Walking in Lowell: August 20, 2015
My Tuesday blog post recounting my search for lunch in downtown Lowell was so well-received that I thought I would do it again. Well that’s not entirely true. Not everyone received it well, but no matter.
Today was still sunny and warm at noon, but the air was much more comfortable than on Tuesday. Perhaps that’s why more people were roaming the sidewalks today. Not wanting to be a jaywalker on Tuesday, I had strictly adhered to the rules for pedestrians, but in downtown Lowell that proved both frustrating and dangerous. Today was a more pleasant walk due to an altered route and a prodigious amount of me ignoring official walking rules when the situation dictated. Walking from the Superior Court to Merrimack Street, I found that by staying on the east or Concord River side of Central Street, the intervening intersections were more easily crossed due to narrower side streets and working pedestrian lights than was the case on the other side of Central.
Of the many dining recommendations I received in response to my Tuesday post, the thought of a grilled cheese sandwich from the Brown Bag Café in the lobby of 144 Merrimack Street struck me as a good choice for today. With the sandwich and a cold drink, I could walk over to Lucy Larcom Park and eat lunch while sitting on a bench overlooking the Merrimack Canal.
As I approached 144 Merrimack, though, I could see a gathering of Lowell Public School principals and administrators on the sidewalk. They were all there at the School Department Admin Offices for an all-day meeting. It was lunch break. The wisdom of the School Committee’s decision to move the School Department Headquarters from the Rogers School back to Merrimack Street to help boost downtown businesses was much in evidence; the lunch line at the Brown Bag was substantial. Reminded again that dining in downtown demands flexibility, I altered my plans.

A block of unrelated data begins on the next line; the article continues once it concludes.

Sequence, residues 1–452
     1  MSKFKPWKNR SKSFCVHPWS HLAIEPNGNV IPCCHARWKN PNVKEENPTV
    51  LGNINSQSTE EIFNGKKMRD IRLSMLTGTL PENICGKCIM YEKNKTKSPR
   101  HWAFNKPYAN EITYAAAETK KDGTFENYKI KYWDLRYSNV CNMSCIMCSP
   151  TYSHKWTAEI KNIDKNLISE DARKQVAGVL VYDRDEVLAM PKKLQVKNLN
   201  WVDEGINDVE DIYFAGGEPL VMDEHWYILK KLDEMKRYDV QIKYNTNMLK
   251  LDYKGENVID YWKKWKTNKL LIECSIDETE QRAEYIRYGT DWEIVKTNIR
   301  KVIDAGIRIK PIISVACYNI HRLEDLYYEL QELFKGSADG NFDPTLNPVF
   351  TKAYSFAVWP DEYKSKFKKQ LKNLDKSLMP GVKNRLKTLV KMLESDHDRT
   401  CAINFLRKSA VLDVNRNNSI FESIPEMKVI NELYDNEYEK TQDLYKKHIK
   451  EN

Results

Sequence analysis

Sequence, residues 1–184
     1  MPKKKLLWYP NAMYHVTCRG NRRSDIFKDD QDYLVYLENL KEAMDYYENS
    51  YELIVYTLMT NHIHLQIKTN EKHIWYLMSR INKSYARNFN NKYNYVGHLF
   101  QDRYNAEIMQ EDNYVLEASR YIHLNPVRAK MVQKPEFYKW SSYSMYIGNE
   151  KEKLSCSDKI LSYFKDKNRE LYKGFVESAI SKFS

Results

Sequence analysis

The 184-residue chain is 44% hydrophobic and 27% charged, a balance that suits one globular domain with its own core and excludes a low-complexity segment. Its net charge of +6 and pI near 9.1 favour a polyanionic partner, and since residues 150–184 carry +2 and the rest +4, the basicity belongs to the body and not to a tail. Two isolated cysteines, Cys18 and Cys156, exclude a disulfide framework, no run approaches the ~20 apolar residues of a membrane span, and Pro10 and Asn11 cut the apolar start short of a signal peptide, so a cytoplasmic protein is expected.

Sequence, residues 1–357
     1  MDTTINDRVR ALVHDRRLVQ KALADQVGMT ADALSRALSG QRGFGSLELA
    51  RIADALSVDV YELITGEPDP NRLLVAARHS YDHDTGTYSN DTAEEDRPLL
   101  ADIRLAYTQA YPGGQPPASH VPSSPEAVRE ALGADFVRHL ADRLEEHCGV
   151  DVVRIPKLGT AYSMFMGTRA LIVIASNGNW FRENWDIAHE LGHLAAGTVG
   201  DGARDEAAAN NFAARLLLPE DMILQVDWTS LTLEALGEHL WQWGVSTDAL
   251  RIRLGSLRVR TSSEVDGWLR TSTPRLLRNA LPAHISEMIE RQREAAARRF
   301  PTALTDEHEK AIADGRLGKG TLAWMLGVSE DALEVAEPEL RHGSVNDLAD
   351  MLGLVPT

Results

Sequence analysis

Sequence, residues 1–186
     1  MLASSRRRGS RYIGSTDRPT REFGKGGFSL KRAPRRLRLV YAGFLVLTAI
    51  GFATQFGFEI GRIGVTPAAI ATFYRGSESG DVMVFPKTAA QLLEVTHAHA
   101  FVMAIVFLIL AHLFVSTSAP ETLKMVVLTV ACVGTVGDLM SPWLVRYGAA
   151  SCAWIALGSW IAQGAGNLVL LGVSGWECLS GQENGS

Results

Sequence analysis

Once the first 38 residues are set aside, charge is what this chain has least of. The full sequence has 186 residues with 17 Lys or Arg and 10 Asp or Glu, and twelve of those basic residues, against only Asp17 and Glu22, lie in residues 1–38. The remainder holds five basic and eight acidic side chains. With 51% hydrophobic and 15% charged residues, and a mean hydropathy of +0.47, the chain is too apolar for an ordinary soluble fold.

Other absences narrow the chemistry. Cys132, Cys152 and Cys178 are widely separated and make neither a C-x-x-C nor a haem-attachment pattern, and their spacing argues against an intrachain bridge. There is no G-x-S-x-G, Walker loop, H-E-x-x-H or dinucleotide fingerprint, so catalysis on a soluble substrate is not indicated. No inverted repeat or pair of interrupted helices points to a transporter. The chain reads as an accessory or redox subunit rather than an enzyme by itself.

Directly across Merrimack Street from the Brown Bag was Bishop’s Legacy Restaurant, the offspring of the Lawrence establishment where more than once in the 1970s I consumed excellent prime rib. I confess that I had not yet tried the Lowell incarnation. That omission ended today. I crossed Merrimack (at the Palmer Street lights which do work) and went inside Bishop’s.
Entering the former La Boniche space, I was surprised by how many tables were inside and pleased to see that quite a few were occupied. One was occupied by two friends who solve Lowell’s problems over lunch. Not wanting my presence to hinder their efforts, I slid over to the bar and grabbed a seat.
I ordered the Eastern Mediterranean Lunch Assortment which consisted of stuffed grape leaves, stuffed cabbage leaves, lima beans in tomato sauce, rice pilaf and kibbe (something like meatloaf). It was delicious and greatly exceeded my expectations. Whoever it was who recommended Bishop’s on Tuesday, thanks. When asked, the bartender said this dish was a special that was frequently offered which increased the odds I’ll return sooner rather than later.
My walk back up Gorham Street was uneventful. Again, I wandered to the Concord River side of Central Street. As I passed in front of the Rialto, I noticed the Washington Savings Bank thermometer reporting 85 degrees, a full ten less than the same time on Tuesday. While waiting there for the pedestrian light to signal me across Green Street, I noticed how narrow the lanes of that street are.
Green Street runs between the Rialto and J.J. Turner’s (now known as Ward 8). There are two lanes, both heading west onto Middlesex Street. Two lanes of traffic fit pretty easily into this small space. The narrower width makes it easier to walk across and the cars seem to do just fine, moving slower once the light changes because they are closer together in the smaller space. Slower cars means a safer situation for everyone, so that’s a good thing. Perhaps as part of the Complete Streets program, the city should look at narrowing other downtown travel lanes. The capacity for carrying vehicles would not be reduced but speeds would, and the saved space could be used for parking, bike lanes or even just sidewalk bump outs to make the walk across the intersection shorter and faster.
Look for my next Walking in Lowell installment early next week.
NOTE: For all who were enticed by my advocacy of the BLT from Café UTEC, I received word that the Café would not reopen until August 31. If you need a BLT fix before then, the Owl Diner serves a good one for lunch.
3 Responses to Walking in Lowell: August 20, 2015
Ward 8 is now Thirsty First
Another nice post Dick! My wife (Carolyn) likes the BLT’s at Brew’d Awakenings – but I am generally a big fan of the Owl , so maybe people have a couple of options until Café UTEC reopens.
Narrow roads are better than crosswalks.